Can a sickle cell warrior get malaria?
There is a myth pervasive in the medical and sickle cell community that for some unknown reason sickle cell gives you immunity to malaria. This is NOT true! One of the worst childhood crisis I had was when I turned 12. It was triggered by malaria, and quickly derailed within a matter of days to where I was clinging for dear life!
Having sickle cell only makes you resistant to malaria. RESISTANT not IMMUNE. You have some protection, but it’s not 100% protection. Imagine you are in the rain with an umbrella that has holes in it. Will you get wet? Yes! The same concept applies to malaria. You can still get malaria, because not every single cell in your body is sickled. The non-sickled red blood cells can still get infected by the malaria plasmodium. In fact, because of the malaria attacking your ‘normal’ red blood cells and your sickled cells clumping and lysing (breaking apart), we are actually at a greater risk for tissue ischemia, organ damage (liver, kidneys, spleen etc.), and other health complications. On top of that, your spleen is responsible for getting rid of parasites in your body. Since sickle cell warriors often have no spleen, or we have a compromised spleen, this function cannot be completed. So where does that leave us? With malaria!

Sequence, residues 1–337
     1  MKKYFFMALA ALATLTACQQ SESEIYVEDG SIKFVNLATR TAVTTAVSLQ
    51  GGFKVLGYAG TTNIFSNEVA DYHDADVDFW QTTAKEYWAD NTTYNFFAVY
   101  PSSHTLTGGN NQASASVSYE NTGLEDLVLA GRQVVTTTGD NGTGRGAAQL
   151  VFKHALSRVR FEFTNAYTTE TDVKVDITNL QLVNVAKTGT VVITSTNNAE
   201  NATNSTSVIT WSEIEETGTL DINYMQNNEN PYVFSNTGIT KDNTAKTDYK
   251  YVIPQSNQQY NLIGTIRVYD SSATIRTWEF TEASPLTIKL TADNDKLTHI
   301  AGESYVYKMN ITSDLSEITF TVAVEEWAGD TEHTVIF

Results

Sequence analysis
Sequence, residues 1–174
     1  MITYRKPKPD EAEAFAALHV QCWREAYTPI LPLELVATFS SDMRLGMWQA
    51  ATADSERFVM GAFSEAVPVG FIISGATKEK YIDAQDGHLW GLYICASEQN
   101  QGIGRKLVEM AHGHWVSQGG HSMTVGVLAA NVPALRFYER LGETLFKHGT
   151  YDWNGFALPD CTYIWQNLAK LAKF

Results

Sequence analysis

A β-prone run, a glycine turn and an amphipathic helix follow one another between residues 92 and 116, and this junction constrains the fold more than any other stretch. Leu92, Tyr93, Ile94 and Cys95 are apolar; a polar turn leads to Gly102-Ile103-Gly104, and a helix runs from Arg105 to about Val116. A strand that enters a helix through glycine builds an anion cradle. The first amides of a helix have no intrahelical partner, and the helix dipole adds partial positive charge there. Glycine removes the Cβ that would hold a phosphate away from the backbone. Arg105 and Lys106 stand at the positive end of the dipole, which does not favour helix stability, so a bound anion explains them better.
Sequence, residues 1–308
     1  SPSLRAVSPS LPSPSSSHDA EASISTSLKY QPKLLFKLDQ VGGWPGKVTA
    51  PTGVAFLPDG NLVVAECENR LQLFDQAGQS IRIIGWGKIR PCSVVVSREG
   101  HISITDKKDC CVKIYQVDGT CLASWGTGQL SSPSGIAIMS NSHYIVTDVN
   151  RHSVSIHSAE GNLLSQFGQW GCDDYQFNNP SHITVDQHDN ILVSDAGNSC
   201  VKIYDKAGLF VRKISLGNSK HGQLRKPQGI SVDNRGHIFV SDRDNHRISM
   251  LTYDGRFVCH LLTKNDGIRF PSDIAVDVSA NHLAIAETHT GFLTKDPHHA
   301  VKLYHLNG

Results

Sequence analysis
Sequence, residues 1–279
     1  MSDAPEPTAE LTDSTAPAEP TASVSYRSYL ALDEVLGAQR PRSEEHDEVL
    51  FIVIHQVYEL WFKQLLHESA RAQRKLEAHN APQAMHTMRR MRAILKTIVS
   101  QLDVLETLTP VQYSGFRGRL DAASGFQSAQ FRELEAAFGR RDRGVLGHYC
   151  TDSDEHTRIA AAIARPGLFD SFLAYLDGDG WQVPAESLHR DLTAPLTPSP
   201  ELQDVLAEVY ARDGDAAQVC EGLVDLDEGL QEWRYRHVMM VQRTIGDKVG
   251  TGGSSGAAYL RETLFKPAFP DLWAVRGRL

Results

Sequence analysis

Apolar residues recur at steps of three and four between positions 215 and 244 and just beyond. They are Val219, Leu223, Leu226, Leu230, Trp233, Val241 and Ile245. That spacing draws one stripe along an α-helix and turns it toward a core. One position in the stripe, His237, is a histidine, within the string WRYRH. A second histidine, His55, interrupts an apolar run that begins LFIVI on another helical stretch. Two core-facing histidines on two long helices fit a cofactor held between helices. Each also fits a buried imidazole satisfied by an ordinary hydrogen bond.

If you have sickle cell trait, you have a slight advantage because your body is just fighting the malaria infection on one front. Your red blood cells, due to the trait, have the rigid walls so plasmodium cannot easily enter the cell. Once the infection is over, those cells return to their usual round shape. This advantage is what confuses many people.
However, those of us with any variation of sickle cell disease (including thallasemia, hemoglobin SE, SC, SF etc.), are at a greater disadvantage. Our sickled red blood cells cannot carry enough oxygen to our tissues because they are deficient. Plus in times of stress, they clump and cause blockages in our blood vessels. And our regular red blood cells are being infected with malaria and dying left and right. So essentially, you have no good cells in this scenario. Which spells trouble.
So please, those of you in tropical climates where malaria is common, please take your anti-malarial drugs. Do not skip it! It will save your life, truly truly save your life. Also, make sure you reduce the risks for malaria by getting rid of stagnant water pools, having screened doors and windows, and sleeping with a mosquito net if you must. Please, do not take this lightly.
Be well, be happy, and live!
Reference: Konotey-Ahulu FI D. Malaria and sickle cell: “Protection?” Or “No Protection?” – Confusion reigns. BMJ Rapid Response October 13 2008 http://bit.ly/2xgvOZO